What is it?
The term “Commission” refers at the same time to the College of Commissioners, i.e. the heads of the Commission appointed by each Member State and approved by the European Parliament, and to the institution and its nearly 25.000 civil servants.
It is both the executive arm in the institutional triangle (composed by Council and the European Parliament) that has the responsibility of implementing EU laws, the initiator of such laws and the “Guardian of the Treaties”.
The Commission is supposed to reason and act in the interest of Europe, regardless of the nationality of the Commissioner leading on a given dossier.
Where is it?
The seat of the Commission is in Brussels,Belgium but it also has offices in Luxembourg as well as EU representation offices in every EU member State and delegations outside of Europe.
What does it do?
The European Commission has four main roles:
- Propose legislation to Parliament and the Council through its “right of initiative”. It does that after consulting stakeholders and requesting the advice of the Economic and Social Committee and the Committee of the Regions, as well as, in most cases, the opinions of national parliaments and governments. Its scope of action is mainly limited by the so-called principle of subsidiarity, whereby the Commission should only intervene when and to the extent an issue cannot be handled at national or local level.
- Manage and implement EU policies and the budget, as the EU’s executive arm. The Commission needs to get discharge for implementing the budget by the European Parliament, which looks closely at the opinion issued by the Court of Auditors but also uses this instrument as a political pressure tool.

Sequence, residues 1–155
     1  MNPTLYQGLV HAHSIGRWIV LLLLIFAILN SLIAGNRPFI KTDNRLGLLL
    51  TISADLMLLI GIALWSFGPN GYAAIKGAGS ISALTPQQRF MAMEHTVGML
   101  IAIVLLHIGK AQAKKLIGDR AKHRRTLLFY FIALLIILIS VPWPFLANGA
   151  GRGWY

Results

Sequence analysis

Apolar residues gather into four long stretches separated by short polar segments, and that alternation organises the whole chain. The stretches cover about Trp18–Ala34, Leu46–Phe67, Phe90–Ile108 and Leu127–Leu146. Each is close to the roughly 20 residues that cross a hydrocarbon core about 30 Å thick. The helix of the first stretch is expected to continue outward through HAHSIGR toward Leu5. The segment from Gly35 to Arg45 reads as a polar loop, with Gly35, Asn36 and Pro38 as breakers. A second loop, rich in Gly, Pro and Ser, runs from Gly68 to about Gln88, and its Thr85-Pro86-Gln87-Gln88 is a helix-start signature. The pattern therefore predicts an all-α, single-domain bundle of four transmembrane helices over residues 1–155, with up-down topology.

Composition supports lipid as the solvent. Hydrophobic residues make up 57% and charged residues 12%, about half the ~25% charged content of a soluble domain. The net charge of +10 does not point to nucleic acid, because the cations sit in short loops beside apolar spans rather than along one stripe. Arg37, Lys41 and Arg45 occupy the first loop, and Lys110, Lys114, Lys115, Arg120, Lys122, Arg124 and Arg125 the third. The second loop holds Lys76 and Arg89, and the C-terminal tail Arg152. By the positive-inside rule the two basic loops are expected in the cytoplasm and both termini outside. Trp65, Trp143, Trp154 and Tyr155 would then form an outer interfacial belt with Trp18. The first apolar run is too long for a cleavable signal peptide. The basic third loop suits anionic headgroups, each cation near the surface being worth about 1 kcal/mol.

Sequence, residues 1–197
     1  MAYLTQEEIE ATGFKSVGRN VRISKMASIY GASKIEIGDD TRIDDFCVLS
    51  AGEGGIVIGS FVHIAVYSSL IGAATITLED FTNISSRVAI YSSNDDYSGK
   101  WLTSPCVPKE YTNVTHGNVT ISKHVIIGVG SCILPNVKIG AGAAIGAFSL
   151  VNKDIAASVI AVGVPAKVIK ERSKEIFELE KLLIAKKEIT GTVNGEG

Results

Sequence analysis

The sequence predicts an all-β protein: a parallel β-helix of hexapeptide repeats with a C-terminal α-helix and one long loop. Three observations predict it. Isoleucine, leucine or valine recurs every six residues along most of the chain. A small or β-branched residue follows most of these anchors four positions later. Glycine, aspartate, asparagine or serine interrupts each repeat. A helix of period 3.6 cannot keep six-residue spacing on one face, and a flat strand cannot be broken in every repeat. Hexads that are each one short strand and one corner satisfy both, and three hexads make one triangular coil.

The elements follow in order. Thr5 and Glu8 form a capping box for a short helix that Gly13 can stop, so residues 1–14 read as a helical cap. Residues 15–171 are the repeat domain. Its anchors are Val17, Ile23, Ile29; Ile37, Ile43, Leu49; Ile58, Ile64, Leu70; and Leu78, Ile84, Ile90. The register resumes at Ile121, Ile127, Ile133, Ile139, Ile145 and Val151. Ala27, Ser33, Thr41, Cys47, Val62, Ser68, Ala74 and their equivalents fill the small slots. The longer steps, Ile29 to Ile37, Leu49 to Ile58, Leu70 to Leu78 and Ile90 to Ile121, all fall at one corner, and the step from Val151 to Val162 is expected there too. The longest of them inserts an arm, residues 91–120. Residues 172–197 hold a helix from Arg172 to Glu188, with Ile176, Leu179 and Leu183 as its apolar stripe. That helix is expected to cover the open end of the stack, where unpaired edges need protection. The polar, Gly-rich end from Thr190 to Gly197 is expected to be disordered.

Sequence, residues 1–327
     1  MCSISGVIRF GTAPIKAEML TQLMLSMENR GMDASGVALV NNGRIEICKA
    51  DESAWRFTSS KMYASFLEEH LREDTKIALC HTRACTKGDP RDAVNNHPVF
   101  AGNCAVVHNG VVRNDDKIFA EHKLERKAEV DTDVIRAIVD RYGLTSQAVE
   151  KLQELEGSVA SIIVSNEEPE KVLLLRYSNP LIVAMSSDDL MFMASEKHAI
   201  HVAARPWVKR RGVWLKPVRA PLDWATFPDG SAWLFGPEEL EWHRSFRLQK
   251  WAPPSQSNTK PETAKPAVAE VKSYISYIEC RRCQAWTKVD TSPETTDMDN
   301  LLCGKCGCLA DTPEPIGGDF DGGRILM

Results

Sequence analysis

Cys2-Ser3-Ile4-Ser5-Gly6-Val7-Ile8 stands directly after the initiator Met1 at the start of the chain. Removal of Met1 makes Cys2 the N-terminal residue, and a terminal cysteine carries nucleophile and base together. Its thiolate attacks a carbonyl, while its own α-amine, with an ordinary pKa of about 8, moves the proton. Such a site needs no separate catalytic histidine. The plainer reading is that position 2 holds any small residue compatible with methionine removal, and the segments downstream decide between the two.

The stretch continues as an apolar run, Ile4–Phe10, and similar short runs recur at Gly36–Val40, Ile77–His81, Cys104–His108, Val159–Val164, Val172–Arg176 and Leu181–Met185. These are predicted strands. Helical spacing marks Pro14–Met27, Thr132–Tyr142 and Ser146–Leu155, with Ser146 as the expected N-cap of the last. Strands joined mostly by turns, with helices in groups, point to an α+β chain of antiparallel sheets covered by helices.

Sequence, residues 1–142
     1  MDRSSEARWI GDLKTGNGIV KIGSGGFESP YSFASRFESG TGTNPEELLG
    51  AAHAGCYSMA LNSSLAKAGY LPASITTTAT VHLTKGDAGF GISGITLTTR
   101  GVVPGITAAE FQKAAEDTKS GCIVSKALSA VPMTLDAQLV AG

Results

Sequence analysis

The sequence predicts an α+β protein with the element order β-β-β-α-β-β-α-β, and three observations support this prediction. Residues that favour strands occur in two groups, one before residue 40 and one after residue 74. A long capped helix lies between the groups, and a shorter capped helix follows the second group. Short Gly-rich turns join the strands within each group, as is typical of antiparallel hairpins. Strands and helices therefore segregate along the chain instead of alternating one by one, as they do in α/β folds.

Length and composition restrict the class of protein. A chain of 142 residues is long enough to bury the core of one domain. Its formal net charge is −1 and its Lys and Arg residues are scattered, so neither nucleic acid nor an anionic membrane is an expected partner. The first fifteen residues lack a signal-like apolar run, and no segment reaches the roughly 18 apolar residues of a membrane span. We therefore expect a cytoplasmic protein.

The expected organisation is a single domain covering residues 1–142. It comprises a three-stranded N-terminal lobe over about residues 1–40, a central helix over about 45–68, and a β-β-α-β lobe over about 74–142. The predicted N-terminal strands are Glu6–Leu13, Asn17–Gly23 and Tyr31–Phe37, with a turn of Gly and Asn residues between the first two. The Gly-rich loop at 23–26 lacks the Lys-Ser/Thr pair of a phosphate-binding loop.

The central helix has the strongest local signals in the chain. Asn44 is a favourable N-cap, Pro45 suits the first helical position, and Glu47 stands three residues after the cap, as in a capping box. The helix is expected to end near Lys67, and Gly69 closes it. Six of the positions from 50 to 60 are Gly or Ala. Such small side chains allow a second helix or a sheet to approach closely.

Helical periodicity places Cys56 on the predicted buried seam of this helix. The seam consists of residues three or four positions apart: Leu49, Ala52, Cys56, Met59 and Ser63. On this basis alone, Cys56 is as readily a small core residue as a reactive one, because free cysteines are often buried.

- Enforce European law (jointly with the Court of Justice), as Guardian of the Treaties. This practically means that the Commission can launch an infringement proceeding against a Member State, first through the sending of an official letter to the concerned government, then through a court case before the European Court of Justice when a Member State fails to implement or improperly transposes EU legislation into national law. Decisions by the ECJ are binding and can include penalties.
- Represent the European Union on the international stage, for example by negotiating agreements between the EU and other countries. It does notably so at the World Trade Organisation.
Why would it care?
The European Commission is an interesting mixture of political thinking (mostly at Commissioner and Cabinet levels) and bureaucratic and technical approach (at Directorate-General level).
Making both levels care can be achieved in different manners.
From the technical point of view, by providing them with well-argumented documents early on, that can help them shape their thinking process by providing sufficiently balanced arguments. Do not hesitate to involve your engineers or chemists or any other technical staff that can help the person at working level within the Commission better understand all the layers of the dossier he or she is handling.
Get involved early on, as a common reproach the Commission staff like to make is: “Why did you not come to us before with is issue?” i.e. when they issued a Green Paper or another form of consultation. Basically, do not give them any excuse to say: “We did not realise…”
At a political level, every Commissioner is different and therefore making them care is dependent on their nature. Some are press hungry and keen at constructing a specific image in the press (the defender of the little people, the intransigent upholder of competition, etc), others have kept a strong national concern, others come from a background that makes them more concerned about certain issues, etc. Moreover, the level of influence cabinets have on their Commissioner, and which individual has that influence within the Cabinet also varies quite a bit: it is not always the Head of Cabinet that runs the show!
The Commission tends to listen more to associations than to individual industry players, and hence conveying once message at that level can be more effective.